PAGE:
On some level, I do believe blackmail is a kind of coercion, but I fear my structuralist explanations for this view would be deeply upsetting to the average libertarian Joe, so I will keep my dirty little Foucault-inspired secrets to myself.
Here is more from Alina Stefanescu.
And how about the economics of blackmail? If blackmail victims are bad guys, why not allow a horde of potential bounty hunters to profit from uncovering their wrongdoing? We can keep "false blackmail" illegal, while allowing blackmail based on truth, no? We likely underinvest in the gathering of such information, and the profit incentives of blackmail would help correct (and overshoot?) this institutional failure.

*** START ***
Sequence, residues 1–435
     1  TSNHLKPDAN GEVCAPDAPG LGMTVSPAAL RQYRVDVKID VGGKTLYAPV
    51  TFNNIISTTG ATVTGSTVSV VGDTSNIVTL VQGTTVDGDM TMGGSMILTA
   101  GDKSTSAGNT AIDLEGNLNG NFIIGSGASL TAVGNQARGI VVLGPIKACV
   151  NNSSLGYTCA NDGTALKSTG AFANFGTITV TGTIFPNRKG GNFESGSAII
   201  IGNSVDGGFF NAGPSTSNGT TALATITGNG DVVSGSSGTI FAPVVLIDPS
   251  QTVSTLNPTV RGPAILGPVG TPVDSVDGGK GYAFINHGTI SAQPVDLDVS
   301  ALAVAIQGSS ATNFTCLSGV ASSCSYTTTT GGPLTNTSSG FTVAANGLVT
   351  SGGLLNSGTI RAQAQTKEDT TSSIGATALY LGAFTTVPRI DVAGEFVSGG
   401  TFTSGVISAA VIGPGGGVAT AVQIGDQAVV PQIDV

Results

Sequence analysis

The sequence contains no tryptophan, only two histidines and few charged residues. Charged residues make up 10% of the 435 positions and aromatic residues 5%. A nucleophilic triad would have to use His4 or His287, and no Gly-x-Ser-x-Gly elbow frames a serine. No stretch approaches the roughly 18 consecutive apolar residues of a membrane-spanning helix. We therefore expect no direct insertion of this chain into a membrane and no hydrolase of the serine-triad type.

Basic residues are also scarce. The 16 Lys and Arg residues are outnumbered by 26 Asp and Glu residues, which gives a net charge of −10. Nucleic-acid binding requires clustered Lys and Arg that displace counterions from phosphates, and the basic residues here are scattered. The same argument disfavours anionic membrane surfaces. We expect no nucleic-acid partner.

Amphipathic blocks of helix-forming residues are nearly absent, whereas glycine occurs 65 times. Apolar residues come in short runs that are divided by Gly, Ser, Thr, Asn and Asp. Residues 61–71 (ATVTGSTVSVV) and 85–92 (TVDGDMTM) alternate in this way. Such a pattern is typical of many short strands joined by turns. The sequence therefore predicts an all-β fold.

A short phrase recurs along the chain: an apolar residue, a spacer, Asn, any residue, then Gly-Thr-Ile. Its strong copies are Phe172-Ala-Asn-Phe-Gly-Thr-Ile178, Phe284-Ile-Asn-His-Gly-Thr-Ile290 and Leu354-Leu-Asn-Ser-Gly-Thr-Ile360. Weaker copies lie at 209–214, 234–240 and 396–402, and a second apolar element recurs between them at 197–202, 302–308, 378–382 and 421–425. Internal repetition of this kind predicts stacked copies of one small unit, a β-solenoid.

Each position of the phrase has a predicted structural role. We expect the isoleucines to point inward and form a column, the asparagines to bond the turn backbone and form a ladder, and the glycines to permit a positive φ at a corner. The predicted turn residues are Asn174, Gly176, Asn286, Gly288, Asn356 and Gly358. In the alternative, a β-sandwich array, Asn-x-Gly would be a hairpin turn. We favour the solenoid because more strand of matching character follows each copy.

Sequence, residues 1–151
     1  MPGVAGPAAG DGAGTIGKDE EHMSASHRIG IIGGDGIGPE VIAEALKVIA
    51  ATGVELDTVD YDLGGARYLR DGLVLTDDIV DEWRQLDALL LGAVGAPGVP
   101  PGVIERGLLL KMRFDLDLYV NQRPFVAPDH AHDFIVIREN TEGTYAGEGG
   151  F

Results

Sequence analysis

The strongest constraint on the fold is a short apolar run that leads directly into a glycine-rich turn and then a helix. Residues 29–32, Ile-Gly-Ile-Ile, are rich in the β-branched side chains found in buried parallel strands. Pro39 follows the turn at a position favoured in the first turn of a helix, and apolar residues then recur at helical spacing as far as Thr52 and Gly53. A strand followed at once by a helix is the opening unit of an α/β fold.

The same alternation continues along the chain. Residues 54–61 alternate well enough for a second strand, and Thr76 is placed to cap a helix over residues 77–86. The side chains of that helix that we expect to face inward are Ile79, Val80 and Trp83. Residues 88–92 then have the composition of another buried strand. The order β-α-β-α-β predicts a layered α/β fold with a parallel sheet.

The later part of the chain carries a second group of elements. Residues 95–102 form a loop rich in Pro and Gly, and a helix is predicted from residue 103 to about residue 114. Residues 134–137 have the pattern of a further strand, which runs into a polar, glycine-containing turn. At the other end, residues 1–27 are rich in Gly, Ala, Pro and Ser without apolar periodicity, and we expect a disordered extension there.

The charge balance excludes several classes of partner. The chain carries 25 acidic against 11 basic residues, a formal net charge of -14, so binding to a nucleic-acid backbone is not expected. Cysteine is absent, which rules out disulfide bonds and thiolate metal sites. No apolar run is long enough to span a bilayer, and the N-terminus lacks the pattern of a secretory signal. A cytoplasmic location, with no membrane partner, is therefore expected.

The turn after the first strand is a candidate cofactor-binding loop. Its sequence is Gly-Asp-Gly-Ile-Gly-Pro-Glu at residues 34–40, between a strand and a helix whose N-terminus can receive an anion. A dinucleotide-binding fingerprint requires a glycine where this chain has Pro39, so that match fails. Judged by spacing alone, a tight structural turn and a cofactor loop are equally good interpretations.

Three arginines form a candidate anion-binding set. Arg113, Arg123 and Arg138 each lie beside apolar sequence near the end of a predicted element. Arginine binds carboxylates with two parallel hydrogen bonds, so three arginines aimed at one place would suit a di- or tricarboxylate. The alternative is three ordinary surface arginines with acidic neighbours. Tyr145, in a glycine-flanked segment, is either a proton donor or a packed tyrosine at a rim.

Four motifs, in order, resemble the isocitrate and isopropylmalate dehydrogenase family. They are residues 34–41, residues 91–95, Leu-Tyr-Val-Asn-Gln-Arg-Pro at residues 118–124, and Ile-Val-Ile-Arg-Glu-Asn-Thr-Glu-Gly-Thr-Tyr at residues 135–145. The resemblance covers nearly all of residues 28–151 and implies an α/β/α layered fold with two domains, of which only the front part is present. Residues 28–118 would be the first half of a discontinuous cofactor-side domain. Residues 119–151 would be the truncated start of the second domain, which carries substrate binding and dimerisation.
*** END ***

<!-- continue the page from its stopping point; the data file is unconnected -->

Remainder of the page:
Yet I remain convinced there is, somewhere, a sound economic and utilitarian case against blackmail. But what is that case?
My favorite exotic explanation (it is not quite sound) is that legal blackmail would lead to inefficient blackmail. Perhaps the ones who should blackmail you are your family and close friends. That is when transaction costs are low and both parties strike a good deal, often based on an implicit rather than explicit blackmail. ("If you run off with that floozy…") The wrongdoer pays a penalty, and the would-be wrongdoer remains deterred. Nothing gets too messy. But if you open up this business to outsiders, well…trust breaks down. Blackmailers fabricate stories, they send weird threatening letters, and they cause extreme anxiety. Outsiders don’t even know when they should believe the word of a blackmailer, which limits blackmail possibilities from those in the know. Under this hypothesis, we keep blackmail illegal to keep blackmailers we can trust.
Addendum: I have turned on the comments function, in case you have good ideas on this topic.